Category Archives: counseling

“The One You Feed”

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There is a parable which really has me thinking about our Native

American culture and their intuitive minds. It is always nice to get

our minds working, especially from a different perspective.

 

There is  a “podcast” called, “Good Life Project,” which focused on

this story first. The parable is simply what choices we make in how

we ‘feed’ our souls.  It ‘spoke’ to me about so much in a short amount

of words.

 

The entrepreneur and business consultant, Chris Zimmer and his

friend, Eric Forbes, developed a podcast played on iTunes out of

Columbus, Ohio. It is an interactive podcast and has reached huge

numbers of responses.

 

Zimmer is a follower of the podcast, “Good Life Project,” by Jonathan

Fields. He wanted to come up with his own ‘angle’ on using the parable

about two wolves. He explained why he invited his long-time friend,

Forbes, to join him in this quest to analyze the impact of this subject

upon new listeners and followers of the podcast, “One You Feed.”

 

The people who respond to the parable may choose to give up their

addictions such as food, alcohol, drugs, and other areas of their life

which ‘drain’ and ‘take away’ from their fully functioning lives.

Personal areas of lives are openly expressed on the podcasts. This is

reminiscent of the days when you would hear radio broadcasters

encouraging people to ‘call in and spill your guts’ on subjects.

 

There are still many radio announcers today doing just this sort of

thing. The idea of podcasts creates more of an international audience

rather than just ‘local call-in’s.’ It is still a very popular way of sharing

private areas of people’s lives. The same process is found on a wide

variety of television talk shows and self-help programs out there,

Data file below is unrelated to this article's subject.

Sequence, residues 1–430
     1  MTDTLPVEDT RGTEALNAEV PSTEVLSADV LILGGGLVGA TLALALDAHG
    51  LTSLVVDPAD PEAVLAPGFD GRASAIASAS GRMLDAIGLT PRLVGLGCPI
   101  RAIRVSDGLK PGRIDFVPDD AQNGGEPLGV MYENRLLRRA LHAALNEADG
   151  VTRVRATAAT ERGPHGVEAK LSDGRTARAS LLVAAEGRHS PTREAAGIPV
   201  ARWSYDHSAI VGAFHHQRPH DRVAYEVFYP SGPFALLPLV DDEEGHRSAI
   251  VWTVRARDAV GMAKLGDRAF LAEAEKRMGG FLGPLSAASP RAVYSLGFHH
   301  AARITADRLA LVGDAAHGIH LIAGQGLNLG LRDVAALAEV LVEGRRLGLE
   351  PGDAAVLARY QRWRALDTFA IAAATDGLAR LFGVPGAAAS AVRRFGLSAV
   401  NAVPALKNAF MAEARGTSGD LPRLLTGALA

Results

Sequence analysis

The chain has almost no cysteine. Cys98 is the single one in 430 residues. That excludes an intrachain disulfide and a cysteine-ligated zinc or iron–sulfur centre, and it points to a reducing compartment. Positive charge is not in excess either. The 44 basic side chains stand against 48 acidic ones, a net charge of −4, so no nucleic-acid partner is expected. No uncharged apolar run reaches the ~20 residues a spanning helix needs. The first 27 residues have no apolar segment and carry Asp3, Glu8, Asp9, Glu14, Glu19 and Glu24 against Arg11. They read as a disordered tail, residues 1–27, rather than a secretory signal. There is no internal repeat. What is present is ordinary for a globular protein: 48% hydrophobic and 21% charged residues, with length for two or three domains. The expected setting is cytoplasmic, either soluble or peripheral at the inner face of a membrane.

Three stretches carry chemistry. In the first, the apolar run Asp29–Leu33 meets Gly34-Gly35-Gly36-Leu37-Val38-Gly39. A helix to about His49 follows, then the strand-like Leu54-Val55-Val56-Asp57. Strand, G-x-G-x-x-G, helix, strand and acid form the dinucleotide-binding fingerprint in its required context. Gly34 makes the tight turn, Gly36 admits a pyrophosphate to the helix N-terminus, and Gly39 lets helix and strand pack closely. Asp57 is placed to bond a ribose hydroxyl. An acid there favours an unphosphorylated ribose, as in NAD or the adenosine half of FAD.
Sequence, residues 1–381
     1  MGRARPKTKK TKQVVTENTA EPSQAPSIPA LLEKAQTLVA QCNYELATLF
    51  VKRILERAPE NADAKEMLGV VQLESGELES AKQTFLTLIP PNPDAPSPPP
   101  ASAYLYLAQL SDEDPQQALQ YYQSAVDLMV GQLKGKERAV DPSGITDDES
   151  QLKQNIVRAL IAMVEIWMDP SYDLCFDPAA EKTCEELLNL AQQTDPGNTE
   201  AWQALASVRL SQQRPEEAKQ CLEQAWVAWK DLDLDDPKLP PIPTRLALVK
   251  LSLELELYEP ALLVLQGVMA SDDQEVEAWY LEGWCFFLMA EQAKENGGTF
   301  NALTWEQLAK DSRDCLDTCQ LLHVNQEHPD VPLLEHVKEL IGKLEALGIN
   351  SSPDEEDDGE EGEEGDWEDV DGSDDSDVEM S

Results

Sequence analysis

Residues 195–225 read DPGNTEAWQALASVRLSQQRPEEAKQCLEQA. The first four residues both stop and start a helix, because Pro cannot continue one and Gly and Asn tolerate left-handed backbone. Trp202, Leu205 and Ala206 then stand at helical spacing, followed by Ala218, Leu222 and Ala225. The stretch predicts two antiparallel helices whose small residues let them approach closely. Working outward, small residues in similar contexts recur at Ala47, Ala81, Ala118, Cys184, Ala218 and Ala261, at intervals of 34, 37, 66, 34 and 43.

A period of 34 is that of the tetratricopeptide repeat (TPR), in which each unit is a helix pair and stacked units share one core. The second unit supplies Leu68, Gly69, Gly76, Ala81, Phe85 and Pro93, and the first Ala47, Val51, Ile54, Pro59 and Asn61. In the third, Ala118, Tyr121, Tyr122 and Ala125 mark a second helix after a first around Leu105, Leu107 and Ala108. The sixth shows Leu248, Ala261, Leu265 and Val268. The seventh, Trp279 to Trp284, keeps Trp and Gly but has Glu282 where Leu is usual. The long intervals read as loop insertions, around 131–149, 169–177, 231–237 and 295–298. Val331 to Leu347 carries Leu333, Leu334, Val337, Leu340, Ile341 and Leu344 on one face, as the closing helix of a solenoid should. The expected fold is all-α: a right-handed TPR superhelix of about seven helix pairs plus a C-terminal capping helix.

where this happens daily.

 

The subject matter may not be as deep as this parable leads you.

Taking you into your own inner workings and promoting self-

awareness seem to be two valuable processes that come out of

reading this parable.

 

I believe and hope this parable will stay in your mind for quite some

time. If you are not ‘into’ sharing publicly on the radio, a podcast or

television talk show, you may start a conversation with your family

or friends after you tell them this story.

 

“THE PARABLE”

“A man tells his grandchildren about a fight going on inside him,

a terrible fight between two wolves. One wolf represents fear, anger,

envy, regret, greed, arrogance, self-pity, guilt, resentment and ego.

 

The other wolf stands for joy, peace, love, hope, humility, kindness,

empathy, truth and generosity.

 

‘This same fight is going on inside you and inside every other person,

too,’ he added.

 

One child asked, ‘Which wolf will win?’

 

The old Cherokee grandfather simply replied,

‘The one you feed.'”

 

Here is a quote about the podcast by Forbes:

“Most surprising to me is the success of the podcast. Eric and I knew

going in that we would have fun doing it, but it quickly became much